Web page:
Q&A: The congressman who beat "Watson" on "Jeopardy"

"I think he had a low-voltage night"

Published March 2, 2011 12:01AM (EST)

Rep. Rush Holt and Watson, the Jeopardy computer
Rep. Rush Holt and Watson, the Jeopardy computer

John Connor lives, and he's a congressman from New Jersey.

Democratic Rep. Rush Holt, who helped run the Princeton Plasma Physics Lab before winning his House seat in 1998, scored a win for humanity on Monday night when he defeated "Watson," the "Jeopardy"-playing supercomputer that had previously crushed Ken Jennings and Brad Rutter, two of the quiz show's most successful past champions. We caught up with the 62-year-old Holt, himself a former five-time "Jeopardy" winner, on Tuesday.

How does it feel to beat a supercomputer?

I think everybody should understand that Watson was operating -- I think he had a low-voltage night. But, of course, "Jeopardy" is fun ---  we all love to play along,  so it's fun to have the chance to play. But mostly it's fun to highlight what IBM is highlighting here, which is the importance of innovation and research, and developing new software. Before I came to Congress, I'd been talking about the need for good science education, the need for better investment in research. Because that's what this is about. That's what we're highlighting here.

You worked as a nuclear physicist for 12 years before you ran for Congress. What's it like to be such a science guy in a Congress that includes creationists, global warming skeptics and other legislators who are not particularly science-friendly?

Well, you know, I worry that some of my colleagues do operate in a fact-free zone [laughs]. But I serve in the House of Representatives, with an emphasis on the word "representative" -- this is what we see across America. A lot of people shy away from science;  they think that only the computer geeks can do science. And the point is that this is broadly important. Ever since I can remember, I've been interested in a lot of different things. I've been interested in how people get along -- that's politics. And I've been interested in how the world works -- that's science. There's nothing incompatible with those two [things]. My friends who are scientists  appreciate the need for good political process. So, you know, I've spent much of my career trying to merge those things. To get scientists involved politically, and to make sure that other people who aren't scientists --- particularly policymakers -- support science education for everyone and support research.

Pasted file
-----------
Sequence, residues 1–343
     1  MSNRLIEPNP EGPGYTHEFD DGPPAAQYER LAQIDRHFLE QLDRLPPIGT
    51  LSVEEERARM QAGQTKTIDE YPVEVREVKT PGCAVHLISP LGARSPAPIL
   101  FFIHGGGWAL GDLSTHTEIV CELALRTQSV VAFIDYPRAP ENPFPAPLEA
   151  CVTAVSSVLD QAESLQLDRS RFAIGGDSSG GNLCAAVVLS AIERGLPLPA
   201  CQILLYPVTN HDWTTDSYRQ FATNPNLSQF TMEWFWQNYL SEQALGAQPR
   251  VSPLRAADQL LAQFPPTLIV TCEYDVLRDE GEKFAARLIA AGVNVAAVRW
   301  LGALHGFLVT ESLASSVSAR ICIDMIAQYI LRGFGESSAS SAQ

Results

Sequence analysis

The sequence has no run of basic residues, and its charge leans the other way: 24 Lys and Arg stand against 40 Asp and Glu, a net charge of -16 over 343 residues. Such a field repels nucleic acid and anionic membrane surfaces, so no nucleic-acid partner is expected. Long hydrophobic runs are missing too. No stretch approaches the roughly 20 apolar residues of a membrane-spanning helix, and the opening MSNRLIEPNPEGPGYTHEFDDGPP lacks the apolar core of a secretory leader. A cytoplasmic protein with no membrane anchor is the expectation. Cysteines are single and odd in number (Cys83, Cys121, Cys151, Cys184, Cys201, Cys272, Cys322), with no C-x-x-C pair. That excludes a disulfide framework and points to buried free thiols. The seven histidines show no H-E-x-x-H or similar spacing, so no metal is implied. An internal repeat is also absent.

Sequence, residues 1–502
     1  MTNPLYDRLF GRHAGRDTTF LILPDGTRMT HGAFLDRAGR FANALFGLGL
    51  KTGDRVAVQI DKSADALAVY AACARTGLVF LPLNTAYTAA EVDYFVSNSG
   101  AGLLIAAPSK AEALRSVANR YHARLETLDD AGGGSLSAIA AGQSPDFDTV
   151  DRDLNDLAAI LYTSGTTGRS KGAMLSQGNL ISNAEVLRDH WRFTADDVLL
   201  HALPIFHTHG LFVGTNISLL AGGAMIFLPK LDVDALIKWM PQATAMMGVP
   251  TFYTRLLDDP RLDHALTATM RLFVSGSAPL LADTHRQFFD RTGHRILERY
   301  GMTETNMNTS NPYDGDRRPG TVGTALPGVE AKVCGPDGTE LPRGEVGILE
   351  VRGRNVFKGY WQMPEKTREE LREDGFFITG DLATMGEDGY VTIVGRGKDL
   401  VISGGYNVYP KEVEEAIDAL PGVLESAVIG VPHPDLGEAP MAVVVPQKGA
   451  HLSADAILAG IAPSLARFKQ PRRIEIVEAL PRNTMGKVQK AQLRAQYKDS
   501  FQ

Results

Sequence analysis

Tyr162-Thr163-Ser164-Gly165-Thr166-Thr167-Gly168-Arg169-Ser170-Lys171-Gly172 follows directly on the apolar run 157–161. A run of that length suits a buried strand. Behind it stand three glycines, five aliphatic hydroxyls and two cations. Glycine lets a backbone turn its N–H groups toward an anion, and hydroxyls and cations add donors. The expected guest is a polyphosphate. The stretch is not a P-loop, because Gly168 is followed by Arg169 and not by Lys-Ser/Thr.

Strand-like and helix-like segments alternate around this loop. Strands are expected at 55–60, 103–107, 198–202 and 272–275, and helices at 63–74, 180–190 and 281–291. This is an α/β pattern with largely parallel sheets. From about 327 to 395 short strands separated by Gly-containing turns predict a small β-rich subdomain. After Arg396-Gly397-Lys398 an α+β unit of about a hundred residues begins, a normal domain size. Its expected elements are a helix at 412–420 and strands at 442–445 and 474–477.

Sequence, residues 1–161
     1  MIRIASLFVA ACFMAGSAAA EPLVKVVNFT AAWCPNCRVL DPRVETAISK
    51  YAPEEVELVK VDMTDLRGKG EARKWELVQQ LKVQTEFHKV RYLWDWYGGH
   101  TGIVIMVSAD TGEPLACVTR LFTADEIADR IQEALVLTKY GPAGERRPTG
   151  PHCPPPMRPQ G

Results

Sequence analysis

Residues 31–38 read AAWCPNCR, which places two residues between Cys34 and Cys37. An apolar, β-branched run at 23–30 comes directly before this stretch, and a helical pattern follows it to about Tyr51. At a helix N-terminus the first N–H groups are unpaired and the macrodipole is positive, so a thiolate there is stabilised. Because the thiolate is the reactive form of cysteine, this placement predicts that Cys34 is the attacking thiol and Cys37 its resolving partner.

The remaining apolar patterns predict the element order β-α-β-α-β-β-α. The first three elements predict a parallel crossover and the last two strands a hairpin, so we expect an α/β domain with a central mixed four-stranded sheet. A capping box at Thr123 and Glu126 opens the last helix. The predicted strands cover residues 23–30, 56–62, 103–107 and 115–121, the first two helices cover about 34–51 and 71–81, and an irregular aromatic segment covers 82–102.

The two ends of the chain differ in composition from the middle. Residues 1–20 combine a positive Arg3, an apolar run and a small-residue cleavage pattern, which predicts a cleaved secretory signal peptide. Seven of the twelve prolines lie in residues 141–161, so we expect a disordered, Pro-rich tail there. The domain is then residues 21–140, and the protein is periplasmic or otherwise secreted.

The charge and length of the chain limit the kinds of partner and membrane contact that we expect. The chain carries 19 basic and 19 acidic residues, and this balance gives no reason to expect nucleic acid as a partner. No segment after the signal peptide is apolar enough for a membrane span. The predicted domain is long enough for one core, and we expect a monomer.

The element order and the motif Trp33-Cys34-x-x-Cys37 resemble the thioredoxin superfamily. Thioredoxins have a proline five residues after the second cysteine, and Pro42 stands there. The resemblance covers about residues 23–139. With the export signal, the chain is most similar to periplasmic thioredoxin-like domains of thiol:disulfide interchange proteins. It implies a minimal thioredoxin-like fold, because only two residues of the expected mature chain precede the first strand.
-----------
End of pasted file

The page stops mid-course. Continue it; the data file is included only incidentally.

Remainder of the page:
How do you counteract those types of assumptions?

Well, in fact, [with] things like "Jeopardy" and Watson. This is fun that everybody can appreciate, and it is a way of highlighting a real message, which is [that] this is the result of people who studied math and science, this is the result of research. It's a way of highlighting it that is, well, fun.

Did you have a strategy when approaching this computer?

Oh, no.

So you didn't practice?

You know how it is here: We run from one meeting to another meeting, from hearing to floor vote to meeting with constituents to -- well, in this case, to an IBM reception where they'd set up a mock "Jeopardy" game. So I was running in and running out, pushing the buzzer as quickly as I could on each question, and hoping that I could beat Watson.

Was there anything distinct about playing a machine as opposed to a person?

No, no, no. The machine takes a little time to think. It just takes a little less time to think than we mere mortals [laughs].

By Teresa Cotsirilos

Teresa Cotsirilos is an editorial fellow at Salon.

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